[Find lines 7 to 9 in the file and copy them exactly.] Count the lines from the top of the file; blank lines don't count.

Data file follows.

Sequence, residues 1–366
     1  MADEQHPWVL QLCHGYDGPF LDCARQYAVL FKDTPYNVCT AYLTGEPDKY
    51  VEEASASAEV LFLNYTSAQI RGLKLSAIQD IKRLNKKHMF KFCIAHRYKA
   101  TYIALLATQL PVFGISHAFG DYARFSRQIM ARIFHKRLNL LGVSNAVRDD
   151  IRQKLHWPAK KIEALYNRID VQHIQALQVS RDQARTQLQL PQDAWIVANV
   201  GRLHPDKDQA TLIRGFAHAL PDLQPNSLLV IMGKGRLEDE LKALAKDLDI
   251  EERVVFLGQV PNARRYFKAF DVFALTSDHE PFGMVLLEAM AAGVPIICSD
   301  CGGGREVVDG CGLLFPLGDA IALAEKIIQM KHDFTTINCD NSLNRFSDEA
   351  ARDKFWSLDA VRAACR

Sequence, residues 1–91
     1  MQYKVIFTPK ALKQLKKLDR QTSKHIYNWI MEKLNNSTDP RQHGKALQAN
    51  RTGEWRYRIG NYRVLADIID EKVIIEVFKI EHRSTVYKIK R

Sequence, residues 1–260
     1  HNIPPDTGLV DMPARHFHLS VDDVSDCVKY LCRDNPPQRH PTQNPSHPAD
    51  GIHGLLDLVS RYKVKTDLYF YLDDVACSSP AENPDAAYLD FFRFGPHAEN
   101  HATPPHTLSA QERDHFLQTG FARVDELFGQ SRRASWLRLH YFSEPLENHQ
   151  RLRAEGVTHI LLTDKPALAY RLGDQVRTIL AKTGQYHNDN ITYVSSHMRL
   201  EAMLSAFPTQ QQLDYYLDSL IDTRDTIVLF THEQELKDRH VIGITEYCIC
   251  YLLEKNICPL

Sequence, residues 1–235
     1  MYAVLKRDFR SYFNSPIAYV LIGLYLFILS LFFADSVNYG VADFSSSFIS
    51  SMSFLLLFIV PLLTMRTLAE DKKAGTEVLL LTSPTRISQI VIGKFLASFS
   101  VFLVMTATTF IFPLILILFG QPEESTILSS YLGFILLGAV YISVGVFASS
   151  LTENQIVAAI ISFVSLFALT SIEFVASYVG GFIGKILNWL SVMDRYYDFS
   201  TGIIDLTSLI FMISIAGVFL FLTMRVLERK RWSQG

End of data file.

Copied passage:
   251  EERVVFLGQV PNARRYFKAF DVFALTSDHE PFGMVLLEAM AAGVPIICSD
   301  CGGGREVVDG CGLLFPLGDA IALAEKIIQM KHDFTTINCD NSLNRFSDEA
   351  ARDKFWSLDA VRAACR